Dante with his guide Virgil (Gustave Dore’s illustration of Dante’s Inferno, Plate IV: Canto I)

Bracing for Impact

Trauma, Triggers & the Saving Power of Literature

The past few years have seen one controversy after another relating to freedom of speech on college campuses: speakers canceled or even physically attacked or chased away by mobs; Halloween costumes preemptively derided as insensitive; entrenched debates about the necessity or frivolousness of “microaggressions,” “trigger warnings,” and “safe spaces.” Many of the discussions surrounding these issues have been characterized by vitriol—as though some kind of corrosive substance were eating away at our ability to carry on a civil dialogue in the classroom, just as it is at the national level—or condescension. The University of Chicago got into hot water in the fall of 2016 for the latter approach, when a welcome letter from the dean of students to the class of 2020 praised the incoming freshmen in one paragraph for having selected a rigorous academic program, and then patronized them in the next by warning them not to expect any intellectual coddling. The dean was right to frown upon trends that would proscribe free speech and free inquiry, but one could never guess how or why from reading his letter. Its tone is impatient enough to suggest that those who would demand such accommodations do it because they hate free inquiry, and because they possess weak minds and constitutions.

In my experience, it doesn’t help to assume the worst of persons with whom you disagree (or hope to teach). Very often you simply don’t know what’s informing their views. I spent my entire first year of teaching at a college aghast at the almost complete lack of correct MLA citations in my students’ essays—literally thousands of works cited, maybe four of them correctly. My second year, I asked the students—who were also members of the class of 2020 at the United States Military Academy—if high schools still taught MLA citations. No, they told me, for four years they had just been instructed to use an online "citation generator," but never shown how to check its work. The problem was not weak-mindedness or a lazy constitution, but a simple misunderstanding. Once we went back to basics, with an introduction to the title pages of books and the information that can be gleaned there, citation issues went away. So let’s give young people the benefit of the doubt. Perhaps the problem is not that they dislike free inquiry and strength of mind, but that many have never been exposed to these things because they are not prioritized by the College Board. Let’s suppose too that if you teach them in the way they should go, they might be receptive.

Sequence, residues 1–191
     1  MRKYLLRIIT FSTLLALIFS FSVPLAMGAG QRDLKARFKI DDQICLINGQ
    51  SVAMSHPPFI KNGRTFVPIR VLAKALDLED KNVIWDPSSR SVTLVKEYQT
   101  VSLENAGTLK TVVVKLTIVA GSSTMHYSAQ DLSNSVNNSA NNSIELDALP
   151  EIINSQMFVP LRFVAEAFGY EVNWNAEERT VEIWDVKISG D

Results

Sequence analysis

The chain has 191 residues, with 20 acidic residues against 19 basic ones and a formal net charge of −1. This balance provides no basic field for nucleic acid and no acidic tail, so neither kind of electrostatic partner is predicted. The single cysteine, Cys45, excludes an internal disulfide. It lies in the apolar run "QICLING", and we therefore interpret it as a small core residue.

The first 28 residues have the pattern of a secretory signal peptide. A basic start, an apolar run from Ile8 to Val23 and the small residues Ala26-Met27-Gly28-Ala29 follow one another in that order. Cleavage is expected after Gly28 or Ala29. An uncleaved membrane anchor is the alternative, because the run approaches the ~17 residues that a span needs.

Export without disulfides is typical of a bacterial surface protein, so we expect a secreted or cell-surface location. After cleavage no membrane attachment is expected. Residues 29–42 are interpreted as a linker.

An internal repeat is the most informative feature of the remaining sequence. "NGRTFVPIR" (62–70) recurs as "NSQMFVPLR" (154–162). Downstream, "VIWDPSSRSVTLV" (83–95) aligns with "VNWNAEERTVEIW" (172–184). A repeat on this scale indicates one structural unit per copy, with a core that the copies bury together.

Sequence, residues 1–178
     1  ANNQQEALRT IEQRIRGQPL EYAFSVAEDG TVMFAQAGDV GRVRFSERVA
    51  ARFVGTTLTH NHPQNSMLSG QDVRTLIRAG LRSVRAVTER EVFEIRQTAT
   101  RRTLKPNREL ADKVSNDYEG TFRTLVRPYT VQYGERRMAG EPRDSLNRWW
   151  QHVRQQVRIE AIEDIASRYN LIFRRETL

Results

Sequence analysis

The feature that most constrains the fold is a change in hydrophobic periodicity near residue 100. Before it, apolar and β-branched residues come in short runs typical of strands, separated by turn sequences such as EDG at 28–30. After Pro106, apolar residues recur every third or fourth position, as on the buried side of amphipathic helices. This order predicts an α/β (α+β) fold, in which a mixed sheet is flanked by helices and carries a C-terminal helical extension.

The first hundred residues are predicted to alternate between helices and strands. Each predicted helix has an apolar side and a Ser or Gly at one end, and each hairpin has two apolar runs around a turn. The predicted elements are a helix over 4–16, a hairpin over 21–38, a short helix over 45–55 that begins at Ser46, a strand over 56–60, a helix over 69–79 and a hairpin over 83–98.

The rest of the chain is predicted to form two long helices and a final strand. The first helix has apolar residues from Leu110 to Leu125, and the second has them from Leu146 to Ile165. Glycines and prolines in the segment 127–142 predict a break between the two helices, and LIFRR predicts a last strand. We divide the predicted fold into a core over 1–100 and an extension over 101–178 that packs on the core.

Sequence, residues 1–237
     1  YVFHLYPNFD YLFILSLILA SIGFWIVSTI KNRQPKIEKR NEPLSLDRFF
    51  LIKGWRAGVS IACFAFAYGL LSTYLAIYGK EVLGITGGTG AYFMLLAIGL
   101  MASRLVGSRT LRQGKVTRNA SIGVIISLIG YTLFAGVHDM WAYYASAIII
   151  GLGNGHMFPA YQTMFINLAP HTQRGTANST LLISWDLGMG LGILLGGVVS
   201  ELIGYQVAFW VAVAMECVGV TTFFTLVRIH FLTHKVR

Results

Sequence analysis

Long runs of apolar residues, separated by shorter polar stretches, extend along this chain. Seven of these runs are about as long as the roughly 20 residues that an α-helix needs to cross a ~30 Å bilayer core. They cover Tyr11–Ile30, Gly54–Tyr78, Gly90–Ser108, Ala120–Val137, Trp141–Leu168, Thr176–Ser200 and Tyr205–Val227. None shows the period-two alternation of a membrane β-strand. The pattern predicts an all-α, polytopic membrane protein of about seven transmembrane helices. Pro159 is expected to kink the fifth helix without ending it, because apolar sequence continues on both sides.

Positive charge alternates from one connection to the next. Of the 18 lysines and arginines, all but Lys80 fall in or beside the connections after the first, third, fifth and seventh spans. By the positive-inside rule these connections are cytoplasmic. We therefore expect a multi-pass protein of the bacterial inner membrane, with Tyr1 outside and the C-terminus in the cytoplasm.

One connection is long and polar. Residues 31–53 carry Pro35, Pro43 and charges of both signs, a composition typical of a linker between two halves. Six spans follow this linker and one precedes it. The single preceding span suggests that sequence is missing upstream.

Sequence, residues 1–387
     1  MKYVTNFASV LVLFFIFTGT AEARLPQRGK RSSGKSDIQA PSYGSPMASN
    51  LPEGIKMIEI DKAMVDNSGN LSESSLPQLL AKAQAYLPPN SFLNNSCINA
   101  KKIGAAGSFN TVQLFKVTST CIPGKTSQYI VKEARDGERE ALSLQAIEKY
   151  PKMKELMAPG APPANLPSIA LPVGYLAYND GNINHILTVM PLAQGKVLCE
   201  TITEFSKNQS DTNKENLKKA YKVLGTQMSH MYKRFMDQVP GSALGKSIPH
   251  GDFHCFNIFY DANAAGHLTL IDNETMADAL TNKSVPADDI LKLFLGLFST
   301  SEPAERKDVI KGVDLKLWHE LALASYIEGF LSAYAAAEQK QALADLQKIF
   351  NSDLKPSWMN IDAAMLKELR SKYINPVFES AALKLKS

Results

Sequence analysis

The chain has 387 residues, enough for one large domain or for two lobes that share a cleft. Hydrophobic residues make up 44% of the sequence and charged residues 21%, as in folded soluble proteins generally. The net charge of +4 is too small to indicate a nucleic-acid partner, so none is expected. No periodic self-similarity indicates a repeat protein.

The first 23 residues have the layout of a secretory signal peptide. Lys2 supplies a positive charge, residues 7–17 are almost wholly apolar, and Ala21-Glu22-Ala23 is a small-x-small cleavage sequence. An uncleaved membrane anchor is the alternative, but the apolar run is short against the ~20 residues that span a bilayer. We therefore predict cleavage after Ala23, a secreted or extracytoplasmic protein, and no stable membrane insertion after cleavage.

One segment of society that doesn’t have the luxury of not knowing what strength of mind entails are survivors of trauma. They are strong because they have to be: they’ve been hit by a kind of moral-psychological Mack truck and yet still walk among us. In the throes of trauma, however, survivors don’t always recognize how strong they are, because as you can imagine, that sort of impact produces some moral-psychological broken bones, and at times they’re liable to feel like they’re just limping or crawling hideously along. I know because I am one, and I vividly remember what it was like to limp hideously along, and then to learn to walk again (still metaphorically), and eventually to run. For me, that whole sad, slow, frequently maddening, and ultimately triumphant process was inextricably bound up with my experiences as a reader of books and a participant—as both student and teacher—in the liberal arts. One book, through no fault of its own, ushered me into the world of trauma while I was in graduate school in 2011. Since then, dozens more have guided me, not backward but forward, to health and joy. And all along the way I have pondered the connections between my reading life and my life life. A former advisor and New Yorker writer who heard parts of this story in 2013 was even more troubled by the aftermath of trauma and the way it can warp one’s mind than he was by the abuse I had endured itself. It seemed particularly unjust, he said, because I had always struck him as “quietly sane.” I’m delighted to finally put that blurb to use now: “‘Quietly sane’—the New Yorker.”

For all of these reasons—my experiences as a student from kindergarten through a doctorate, my four years of experience teaching undergraduates, my own trauma history, and the quiet sanity I fought to regain and keep—I feel peculiarly qualified, and indeed compelled, to weigh in on the current issues surrounding trauma and teaching. Perhaps my observations about books and life, what harms and what heals, will be of some use to parents or professors, or counselors or chaplains, or liberals or conservatives, or anyone simply trying to understand what all the fuss is about. 

They’ve been hit by a kind of moral-psychological Mack truck and yet still walk among us

 

EVERY semester I tell my students that one reason to read literature is that someday someone they love will die or be born, and they will be hit by a wave of grief or joy like they have never known before. In that moment, words from poems and novels will come to them and help them stand upright, or get their bearings if they’ve been knocked over. “That way is light and surface and air,” they will think, “I must swim to that.” I expressly pitch teaching King Lear as my contribution to the Army’s suicide prevention efforts. My standard classroom demeanor is cheerful and laughing, but when I say that I am dead serious that King Lear is a book about life—a book that proclaims, Come what may, though your eyes should be plucked out one by one, you must still go on, and more than that, you must be grateful, for your life is a gift and a miracle—I can see from their faces that they can see from mine that I mean it, and they are curious but too polite or afraid to ask why.